Cognitive Therapy v Exposure in OCD PTSD and PD
This meta-analysis provided no evidence of a statistically significant difference in efficacy between exposure and cognitive therapy for the clinically relevant outcome measures across RCTs studying OCD, PTSD, and panic disorder with or without agoraphobia.
This does not mean that cognitive changes do not mediate the treatment response as it is possible that cognitions could change and mediate treatment through means other than cognitive therapy. Cognition changes in the trials of pharmacotherapy have indeed been demonstrated [42
]. Behavioural work could also result in cognitive changes even in the absence of direct cognitive therapy [43
]. There is also growing evidence of the role cognitive mediation might play in achieving clinical improvement during exposure therapy [44
Equally, it is possible that exposure plays an important role in some cognitive interventions, behavioural experiments in particular.
In addition, it is possible that the different components of CBT examined in this study may work on different systems, such that producing change in one system (for example, the behavioural system) will produce changes in other systems (such as the cognitive system) [41
]. If this was the case then it is not surprising that component analysis studies show similar outcomes for exposure and cognitive therapy in many conditions.
Cognitive Therapy v Exposure in Social Phobia
CT was found to be superior to E in both short term and long-term outcomes in Social Phobia (effect size differences from 0.28 to 1.01). A re-evaluation of the data using a random effects analysis did not change the overall conclusion. This differential efficacy has not been shown previously and is potentially of significant clinical importance. The apparent superiority of CT versus E in social phobia needs to be accepted cautiously. First, the studies included in this meta-analysis were conducted by two research groups that may be especially proficient in the use of cognitive therapy. Second, E condition in two of the three studies was individual, whereas it may be more effective in group setting. Having said this, E condition in all three studies demonstrated significant effect size (0.56- 1.46) and in one study was based on a manual developed by the investigators and tested in previous studies [38
It may be that the nature of social phobia makes cognitive interventions especially important in this condition. The effect of CT may be mediated by an early change in estimated social cost [38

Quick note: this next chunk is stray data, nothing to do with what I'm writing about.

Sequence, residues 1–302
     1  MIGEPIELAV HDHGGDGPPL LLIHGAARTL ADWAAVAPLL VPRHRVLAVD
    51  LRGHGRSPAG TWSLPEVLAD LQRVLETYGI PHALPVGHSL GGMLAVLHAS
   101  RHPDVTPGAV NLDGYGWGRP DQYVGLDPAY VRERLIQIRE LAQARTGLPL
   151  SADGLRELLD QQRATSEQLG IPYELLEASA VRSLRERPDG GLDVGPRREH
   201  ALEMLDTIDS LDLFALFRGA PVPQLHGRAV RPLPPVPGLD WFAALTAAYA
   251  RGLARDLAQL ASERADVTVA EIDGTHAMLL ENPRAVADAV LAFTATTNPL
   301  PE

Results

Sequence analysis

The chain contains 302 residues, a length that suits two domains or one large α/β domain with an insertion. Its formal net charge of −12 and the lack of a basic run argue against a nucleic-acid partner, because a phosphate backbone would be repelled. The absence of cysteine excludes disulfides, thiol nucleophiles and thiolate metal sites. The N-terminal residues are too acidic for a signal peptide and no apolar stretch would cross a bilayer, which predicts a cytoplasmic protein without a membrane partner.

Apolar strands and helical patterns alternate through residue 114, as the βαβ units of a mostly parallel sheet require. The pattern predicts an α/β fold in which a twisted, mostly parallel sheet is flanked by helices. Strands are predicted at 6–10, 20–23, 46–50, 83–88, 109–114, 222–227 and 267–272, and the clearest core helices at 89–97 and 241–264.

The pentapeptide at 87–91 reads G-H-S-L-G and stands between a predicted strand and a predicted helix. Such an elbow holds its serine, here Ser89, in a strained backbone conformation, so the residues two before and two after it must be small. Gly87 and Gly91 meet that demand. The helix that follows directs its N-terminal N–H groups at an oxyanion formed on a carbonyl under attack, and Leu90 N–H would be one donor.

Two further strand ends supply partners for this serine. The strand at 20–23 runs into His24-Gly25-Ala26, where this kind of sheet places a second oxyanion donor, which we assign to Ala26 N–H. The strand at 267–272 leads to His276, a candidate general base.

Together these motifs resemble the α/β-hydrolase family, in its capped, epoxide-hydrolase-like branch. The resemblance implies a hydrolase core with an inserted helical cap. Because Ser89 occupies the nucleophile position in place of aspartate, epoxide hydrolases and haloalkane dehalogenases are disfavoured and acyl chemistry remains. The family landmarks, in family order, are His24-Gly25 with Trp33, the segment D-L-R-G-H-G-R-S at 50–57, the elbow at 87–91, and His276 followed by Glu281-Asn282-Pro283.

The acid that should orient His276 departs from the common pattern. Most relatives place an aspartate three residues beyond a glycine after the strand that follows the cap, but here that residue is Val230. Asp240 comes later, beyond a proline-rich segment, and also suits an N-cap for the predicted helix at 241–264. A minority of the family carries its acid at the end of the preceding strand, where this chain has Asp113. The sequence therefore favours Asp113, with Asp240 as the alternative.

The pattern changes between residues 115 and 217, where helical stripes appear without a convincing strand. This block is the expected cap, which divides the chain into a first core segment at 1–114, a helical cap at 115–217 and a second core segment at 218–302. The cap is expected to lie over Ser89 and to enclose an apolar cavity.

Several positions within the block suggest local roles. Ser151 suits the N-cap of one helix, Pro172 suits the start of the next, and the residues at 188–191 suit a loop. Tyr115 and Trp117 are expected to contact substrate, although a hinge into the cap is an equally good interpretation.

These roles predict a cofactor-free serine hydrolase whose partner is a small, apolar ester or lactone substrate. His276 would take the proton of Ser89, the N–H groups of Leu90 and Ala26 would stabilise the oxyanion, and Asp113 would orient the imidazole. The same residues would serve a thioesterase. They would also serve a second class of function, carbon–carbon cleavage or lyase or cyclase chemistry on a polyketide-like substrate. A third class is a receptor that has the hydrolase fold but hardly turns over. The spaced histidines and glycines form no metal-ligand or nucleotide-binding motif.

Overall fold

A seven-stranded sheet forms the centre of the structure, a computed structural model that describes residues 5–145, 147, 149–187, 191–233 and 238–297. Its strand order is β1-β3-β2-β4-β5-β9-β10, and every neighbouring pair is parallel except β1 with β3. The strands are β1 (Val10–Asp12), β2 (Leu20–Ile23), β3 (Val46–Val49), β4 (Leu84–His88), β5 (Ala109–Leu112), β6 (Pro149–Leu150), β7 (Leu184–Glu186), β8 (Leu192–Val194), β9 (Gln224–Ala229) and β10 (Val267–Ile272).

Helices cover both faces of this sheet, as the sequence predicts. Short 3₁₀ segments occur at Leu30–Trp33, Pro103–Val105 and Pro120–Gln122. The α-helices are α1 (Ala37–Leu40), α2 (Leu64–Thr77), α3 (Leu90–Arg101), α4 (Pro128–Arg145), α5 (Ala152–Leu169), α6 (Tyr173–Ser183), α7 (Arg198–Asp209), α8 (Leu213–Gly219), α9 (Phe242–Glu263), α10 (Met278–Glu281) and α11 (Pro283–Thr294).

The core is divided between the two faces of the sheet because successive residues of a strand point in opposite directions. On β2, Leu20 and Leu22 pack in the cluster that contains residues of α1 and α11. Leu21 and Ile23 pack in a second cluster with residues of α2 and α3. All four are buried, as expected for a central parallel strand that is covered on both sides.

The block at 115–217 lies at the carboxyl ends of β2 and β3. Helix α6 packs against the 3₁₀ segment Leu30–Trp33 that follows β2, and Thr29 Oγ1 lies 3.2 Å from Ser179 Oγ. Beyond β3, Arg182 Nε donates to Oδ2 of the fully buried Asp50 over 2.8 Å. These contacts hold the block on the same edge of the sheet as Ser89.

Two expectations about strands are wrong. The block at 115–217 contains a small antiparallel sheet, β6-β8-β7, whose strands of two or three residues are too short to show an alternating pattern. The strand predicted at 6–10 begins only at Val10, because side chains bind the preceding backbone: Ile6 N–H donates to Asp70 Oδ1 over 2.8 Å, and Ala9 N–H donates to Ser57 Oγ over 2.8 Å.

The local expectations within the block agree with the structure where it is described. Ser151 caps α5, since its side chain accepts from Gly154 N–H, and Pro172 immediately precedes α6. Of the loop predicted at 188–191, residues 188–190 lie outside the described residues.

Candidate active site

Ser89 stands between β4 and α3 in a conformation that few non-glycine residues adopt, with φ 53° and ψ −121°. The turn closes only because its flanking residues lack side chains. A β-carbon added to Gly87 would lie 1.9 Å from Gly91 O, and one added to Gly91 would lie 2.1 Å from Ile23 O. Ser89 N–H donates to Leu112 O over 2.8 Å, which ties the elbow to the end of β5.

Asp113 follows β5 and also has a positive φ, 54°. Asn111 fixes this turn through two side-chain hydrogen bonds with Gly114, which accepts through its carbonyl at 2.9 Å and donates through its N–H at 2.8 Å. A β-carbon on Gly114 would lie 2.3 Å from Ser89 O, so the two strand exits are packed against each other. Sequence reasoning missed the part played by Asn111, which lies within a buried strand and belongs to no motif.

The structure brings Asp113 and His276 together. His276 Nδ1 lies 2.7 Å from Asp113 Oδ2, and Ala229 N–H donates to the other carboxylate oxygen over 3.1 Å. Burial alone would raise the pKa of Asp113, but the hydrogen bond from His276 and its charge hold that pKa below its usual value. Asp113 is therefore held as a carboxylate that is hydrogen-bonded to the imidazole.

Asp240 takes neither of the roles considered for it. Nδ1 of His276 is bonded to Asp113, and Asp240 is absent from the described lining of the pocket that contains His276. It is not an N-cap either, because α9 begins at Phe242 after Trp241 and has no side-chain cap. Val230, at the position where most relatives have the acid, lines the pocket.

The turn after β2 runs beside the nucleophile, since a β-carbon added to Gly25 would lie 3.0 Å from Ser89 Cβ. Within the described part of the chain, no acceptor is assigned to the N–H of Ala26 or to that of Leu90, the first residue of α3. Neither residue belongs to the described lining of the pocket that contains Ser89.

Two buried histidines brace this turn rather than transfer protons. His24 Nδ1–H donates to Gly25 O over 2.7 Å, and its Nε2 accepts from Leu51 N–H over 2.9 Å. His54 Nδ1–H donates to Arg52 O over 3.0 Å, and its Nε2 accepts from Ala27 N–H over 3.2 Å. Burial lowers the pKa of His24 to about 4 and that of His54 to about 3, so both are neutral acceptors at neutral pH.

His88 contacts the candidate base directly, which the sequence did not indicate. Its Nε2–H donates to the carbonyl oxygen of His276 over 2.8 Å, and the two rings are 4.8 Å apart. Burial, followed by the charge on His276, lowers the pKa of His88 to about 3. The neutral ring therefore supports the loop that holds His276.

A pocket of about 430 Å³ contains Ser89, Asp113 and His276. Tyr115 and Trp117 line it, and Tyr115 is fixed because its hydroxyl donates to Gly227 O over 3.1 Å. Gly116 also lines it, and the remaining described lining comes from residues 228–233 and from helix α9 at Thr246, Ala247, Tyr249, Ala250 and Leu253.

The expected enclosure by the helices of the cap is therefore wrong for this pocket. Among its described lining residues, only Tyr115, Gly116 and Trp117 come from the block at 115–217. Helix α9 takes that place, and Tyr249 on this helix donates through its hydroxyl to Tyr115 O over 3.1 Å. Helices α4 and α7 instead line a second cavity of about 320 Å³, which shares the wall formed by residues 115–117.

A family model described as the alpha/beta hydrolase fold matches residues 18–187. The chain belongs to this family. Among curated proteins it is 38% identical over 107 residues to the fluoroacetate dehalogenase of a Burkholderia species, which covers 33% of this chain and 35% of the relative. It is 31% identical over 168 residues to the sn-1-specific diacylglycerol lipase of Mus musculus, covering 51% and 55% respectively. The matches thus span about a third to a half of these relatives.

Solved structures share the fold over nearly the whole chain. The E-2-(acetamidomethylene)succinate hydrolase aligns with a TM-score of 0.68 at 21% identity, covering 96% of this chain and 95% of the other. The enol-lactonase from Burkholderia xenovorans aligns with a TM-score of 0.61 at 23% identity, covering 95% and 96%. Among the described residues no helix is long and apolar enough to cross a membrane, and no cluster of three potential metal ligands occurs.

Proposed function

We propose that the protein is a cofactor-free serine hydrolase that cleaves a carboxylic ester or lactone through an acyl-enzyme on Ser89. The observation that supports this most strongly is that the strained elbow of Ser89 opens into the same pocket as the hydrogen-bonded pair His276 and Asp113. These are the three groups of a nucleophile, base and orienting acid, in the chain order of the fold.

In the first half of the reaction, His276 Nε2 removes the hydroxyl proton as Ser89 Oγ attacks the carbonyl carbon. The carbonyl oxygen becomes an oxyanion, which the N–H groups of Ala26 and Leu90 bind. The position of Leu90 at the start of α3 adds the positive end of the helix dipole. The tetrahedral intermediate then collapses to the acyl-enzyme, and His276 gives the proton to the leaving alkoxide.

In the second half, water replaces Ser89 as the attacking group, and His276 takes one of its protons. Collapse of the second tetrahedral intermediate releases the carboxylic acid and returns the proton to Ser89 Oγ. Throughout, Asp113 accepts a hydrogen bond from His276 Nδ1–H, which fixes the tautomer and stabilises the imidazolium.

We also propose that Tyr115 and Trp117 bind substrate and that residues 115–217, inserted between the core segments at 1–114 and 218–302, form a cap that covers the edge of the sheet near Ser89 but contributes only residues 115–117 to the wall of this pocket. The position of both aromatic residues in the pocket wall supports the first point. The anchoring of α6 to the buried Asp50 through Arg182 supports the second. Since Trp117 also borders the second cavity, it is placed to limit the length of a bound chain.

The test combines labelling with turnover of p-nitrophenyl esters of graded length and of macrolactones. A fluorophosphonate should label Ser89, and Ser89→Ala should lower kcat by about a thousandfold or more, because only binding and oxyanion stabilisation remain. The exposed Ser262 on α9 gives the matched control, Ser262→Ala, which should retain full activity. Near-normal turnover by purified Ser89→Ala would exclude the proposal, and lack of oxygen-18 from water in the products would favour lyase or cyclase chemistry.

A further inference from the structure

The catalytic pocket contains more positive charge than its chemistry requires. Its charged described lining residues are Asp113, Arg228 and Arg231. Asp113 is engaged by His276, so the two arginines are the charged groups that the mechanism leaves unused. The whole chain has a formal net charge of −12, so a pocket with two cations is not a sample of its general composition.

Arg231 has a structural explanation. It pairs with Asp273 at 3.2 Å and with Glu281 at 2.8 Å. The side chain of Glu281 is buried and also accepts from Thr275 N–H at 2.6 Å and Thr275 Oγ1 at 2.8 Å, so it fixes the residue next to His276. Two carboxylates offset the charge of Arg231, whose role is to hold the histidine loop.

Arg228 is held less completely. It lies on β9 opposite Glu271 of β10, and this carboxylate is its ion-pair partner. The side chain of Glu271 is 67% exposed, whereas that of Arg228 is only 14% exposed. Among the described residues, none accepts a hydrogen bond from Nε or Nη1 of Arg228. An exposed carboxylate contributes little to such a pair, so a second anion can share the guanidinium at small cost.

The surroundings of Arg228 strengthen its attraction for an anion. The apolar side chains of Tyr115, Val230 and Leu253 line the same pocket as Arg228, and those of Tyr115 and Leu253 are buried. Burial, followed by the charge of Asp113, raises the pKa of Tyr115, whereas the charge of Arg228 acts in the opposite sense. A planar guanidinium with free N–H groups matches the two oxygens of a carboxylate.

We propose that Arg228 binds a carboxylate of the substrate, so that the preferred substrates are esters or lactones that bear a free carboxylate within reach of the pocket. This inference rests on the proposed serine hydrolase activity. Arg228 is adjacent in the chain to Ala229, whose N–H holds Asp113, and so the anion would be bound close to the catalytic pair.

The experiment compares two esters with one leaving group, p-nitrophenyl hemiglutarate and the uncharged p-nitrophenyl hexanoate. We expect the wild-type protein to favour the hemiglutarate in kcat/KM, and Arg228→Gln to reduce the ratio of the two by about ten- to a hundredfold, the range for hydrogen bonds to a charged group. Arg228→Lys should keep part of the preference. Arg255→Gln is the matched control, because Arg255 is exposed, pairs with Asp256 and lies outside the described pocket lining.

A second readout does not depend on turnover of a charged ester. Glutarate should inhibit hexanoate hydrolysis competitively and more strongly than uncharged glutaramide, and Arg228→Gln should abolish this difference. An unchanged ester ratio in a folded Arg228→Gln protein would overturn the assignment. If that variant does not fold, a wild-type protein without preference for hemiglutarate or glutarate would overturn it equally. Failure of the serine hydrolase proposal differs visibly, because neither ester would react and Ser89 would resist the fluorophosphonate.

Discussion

] partly explaining the long-term CT superiority over E. In addition, there are studies demonstrating that behavioural experiments may be more effective in anxiety reduction than exposure alone [46
] particularly when an external focus of attention is used for confronting social anxiety-provoking situations. Exposure in social phobia may be of limited value without some skills-based behavioural response. It is also possible that the duration of exposure in social phobic situations is not sufficient for it to be effective as many social encounters have brief duration. Cognitive therapy draws on a range of techniques to achieve therapeutic change, some of which have already been demonstrated to be superior to exposure alone. For instance, the impact of video feedback, imagery work and the negative consequences of self-directed attention have all been demonstrated experimentally [47
]. In summary, CT appears to be more effective than exposure alone in social phobia; however more studies from a range of research groups are needed to confirm this finding.
Is there a need to challenge thoughts in CBT?
Since there is no evidence of differential efficacy of CT and E for some conditions, is it therefore necessary to employ cognitive interventions in the treatment of anxiety disorders? The arguments in favour of this proposition could be summarised in this way. 1. There is some evidence that cognitive interventions and behavioural interventions have similar effect sizes for certain conditions [10
] or there is even a superiority of modified behavioural interventions compared with purely cognitive interventions [49
]. 2. The rapid response argument [50